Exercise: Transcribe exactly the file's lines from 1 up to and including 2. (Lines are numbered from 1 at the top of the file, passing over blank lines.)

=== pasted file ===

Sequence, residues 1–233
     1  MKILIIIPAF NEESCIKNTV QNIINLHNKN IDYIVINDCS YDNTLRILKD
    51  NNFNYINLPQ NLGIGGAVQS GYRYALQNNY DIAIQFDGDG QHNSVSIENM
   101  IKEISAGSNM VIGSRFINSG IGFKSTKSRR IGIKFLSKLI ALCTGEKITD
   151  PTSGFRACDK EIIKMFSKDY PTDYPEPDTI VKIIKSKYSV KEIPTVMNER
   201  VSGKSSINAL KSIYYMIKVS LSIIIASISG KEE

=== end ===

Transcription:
Sequence, residues 1–233
     1  MKILIIIPAF NEESCIKNTV QNIINLHNKN IDYIVINDCS YDNTLRILKD